1LO, are calculated with the NLO NNPDF3.0QED [23, 24] set. The
photoninduced contributions are calculated with the LUXqed set [7]. Since all PDFs in
the LUXqed set, except for the photon PDF, are based on the PDF4LHC NNLO set [25],
the error introduced by using di erent PDFs for the quarkphotoninduced and every other
channel should be negligible in the overall PDF uncertainty. We additionally provide results
using the NNPDF3.0QED and the CT14QED (inclusive) [26] PDF sets in the
quarkphotoninduced channels to better assess the corresponding uncertainty. Throughout this
work we use PDF sets with ve active avors.
4
Numerical results
EW
qq0
qq0
EW correction qEqW0 at large energies, from the longrange QCD e ects and is preferable over
a purely additive approach [27{29]. Note that by normalizing the QCD correction to the LO
cross section evaluated with LO PDFs, the term 1+ QCD is identical to the usual de nition
of the Kfactor, up to small QED corrections in the PDFs. Moreover, the EW correction
factor qEqW0 becomes rather insensitive to the PDF choice and the factorization scale.
{ 5 {
qEqW0 [%]
, at di erent CM energies p
Carlo integration errors.
s of the collider. The indicated errors are estimates for the Monte
1:7 at LHC energies of 13 TeV and 14 TeV. The
photoninduced contributions are positive and overcompensate the negative EW corrections of the
quarkinduced channels, leading to total EW corrections of
6% and
7% at the current
LHC energy of 13 TeV for the two chargeconjugated
nal states, respectively. Note that
this partial cancellation is not systematic in the sense that the two compensating e ects
are not directly correlated. Due to the impact of the EW corrections it is important to
take the EW corrections into account, when comparing data to theory. We estimate the
missing higherorder EW corrections to be of the order of the squares of the individual
NLO corrections, i.e.
1% for LHC energies. We observe that the EW corrections in the
pure quarkinduced channels, which are generically of O(
5%), show only very little sen
sitivity to the collider energy. The quarkphotoninduced contribution, on the other hand,
rises with the pp scattering energy, reaching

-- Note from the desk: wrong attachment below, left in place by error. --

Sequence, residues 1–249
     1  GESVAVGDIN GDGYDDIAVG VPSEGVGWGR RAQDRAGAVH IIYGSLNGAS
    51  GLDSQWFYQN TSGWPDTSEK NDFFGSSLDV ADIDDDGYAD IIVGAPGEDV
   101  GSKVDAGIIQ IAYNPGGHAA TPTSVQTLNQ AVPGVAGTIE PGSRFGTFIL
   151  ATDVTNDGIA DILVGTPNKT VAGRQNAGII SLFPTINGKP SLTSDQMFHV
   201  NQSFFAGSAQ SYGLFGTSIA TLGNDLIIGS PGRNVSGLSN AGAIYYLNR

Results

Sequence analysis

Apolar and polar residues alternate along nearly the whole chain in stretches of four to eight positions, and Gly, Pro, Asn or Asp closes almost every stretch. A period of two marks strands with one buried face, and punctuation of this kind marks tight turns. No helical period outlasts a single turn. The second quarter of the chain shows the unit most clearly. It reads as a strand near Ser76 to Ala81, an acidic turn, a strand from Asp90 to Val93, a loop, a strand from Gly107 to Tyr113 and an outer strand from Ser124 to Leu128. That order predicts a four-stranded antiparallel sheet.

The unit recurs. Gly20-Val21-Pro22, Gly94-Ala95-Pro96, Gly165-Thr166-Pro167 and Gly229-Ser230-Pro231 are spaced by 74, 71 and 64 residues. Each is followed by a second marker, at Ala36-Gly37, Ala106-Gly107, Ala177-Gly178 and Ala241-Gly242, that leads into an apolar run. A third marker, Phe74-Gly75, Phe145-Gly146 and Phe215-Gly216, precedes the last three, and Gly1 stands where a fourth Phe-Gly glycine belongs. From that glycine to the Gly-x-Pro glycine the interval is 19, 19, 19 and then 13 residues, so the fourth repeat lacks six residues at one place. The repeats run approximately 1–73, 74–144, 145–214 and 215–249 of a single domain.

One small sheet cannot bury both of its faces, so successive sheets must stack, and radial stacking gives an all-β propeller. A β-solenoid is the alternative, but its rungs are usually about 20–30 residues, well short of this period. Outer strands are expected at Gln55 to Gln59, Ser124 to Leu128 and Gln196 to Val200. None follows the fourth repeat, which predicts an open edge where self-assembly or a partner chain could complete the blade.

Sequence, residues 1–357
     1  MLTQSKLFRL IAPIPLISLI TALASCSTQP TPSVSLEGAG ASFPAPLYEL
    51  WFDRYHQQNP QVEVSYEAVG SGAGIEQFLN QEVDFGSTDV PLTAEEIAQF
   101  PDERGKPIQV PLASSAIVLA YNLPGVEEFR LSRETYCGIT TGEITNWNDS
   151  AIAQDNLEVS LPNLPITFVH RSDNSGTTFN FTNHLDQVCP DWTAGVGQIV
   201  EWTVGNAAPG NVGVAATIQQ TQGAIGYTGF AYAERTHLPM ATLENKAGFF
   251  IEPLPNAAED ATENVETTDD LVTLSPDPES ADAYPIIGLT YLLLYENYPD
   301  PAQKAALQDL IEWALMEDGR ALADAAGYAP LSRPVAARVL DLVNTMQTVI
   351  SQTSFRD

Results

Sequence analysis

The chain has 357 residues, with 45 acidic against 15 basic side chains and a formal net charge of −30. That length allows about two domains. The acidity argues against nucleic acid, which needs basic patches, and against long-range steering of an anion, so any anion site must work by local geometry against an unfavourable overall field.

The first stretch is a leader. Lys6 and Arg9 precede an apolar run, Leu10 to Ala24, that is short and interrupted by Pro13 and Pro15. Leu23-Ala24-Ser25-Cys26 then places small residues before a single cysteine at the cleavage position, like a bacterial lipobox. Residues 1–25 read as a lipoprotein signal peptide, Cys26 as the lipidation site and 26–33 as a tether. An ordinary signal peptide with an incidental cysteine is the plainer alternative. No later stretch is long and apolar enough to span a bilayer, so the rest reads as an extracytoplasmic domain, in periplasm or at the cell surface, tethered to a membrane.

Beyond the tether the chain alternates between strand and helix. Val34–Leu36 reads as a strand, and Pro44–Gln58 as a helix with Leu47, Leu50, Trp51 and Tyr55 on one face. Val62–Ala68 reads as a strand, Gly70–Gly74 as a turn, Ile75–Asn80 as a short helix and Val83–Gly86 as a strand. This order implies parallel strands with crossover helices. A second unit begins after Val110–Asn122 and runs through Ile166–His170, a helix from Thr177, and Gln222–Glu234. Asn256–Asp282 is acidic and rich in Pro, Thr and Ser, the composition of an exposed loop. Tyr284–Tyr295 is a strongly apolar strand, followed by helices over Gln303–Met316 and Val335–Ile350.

40% for the scenario of a future 100 TeV
collider. This demonstrates the importance of determining the photon PDF precisely for
highenergy protonproton scattering. The QCD corrections increase with growing collider
CM energy owing to the higher gluon luminosity. The large Kfactors of
1:7 (
2:5)
{ 6 {
at 13 TeV (100 TeV), which are driven by the quarkgluoninduced channels, ask for
further improvements by higherorder QCD corrections. At least improvements by multijet
merging seem mandatory.
production mode among the two chargeconjugated processes. As both
nal states can
be easily separated, we will focus on the dominant, positively charged
nal state in the
following. A selection of di erential distributions including a breakdown of the corrections
into the relative factors de ned in eq. (4.1) is presented in
gures 4, 5, and 6.
Note
HJEP09(217)34
that the size of these corrections will be inherited by distributions based on decay leptons
when dropping the onshell requirement on the W bosons. As high transverse momenta
of the W
or high total invariant masses correspond to high partonic CM energies, the
unitarizing e ect of Higgs exchanges can be seen in the drop of the associated di erential
distributions shown in
gures 4 and 5. In this highenergy regime, Sudakov logarithms
from soft EW gaugeboson exchange are the leading contribution to the EW correction in
the quarkinduced channel, yielding corrections of several
10 % which can even overrule
the large quarkphotoninduced corrections at very high pT. At low invariant masses near
the production threshold, the e ect of the Coulomb singularity, which arises due to photon
exchange between W bosons, is visible. In this region the leading behavior of the NLO
EW correction qEqW0 is dominated by
Coul
CM frame [
30
]. Even though the QCD corrections grow with increasing pT of the W boson
they are rather independent on the total invariant mass. Figure 6 shows that the NLO
QCD correction changes the shape of the distribution in the di erence of the azimuthal
angle, preferring smaller angle di erences. This e ect is slightly enhanced by the total
EW correction.
4.2
NLO WWW cross sections with a jet veto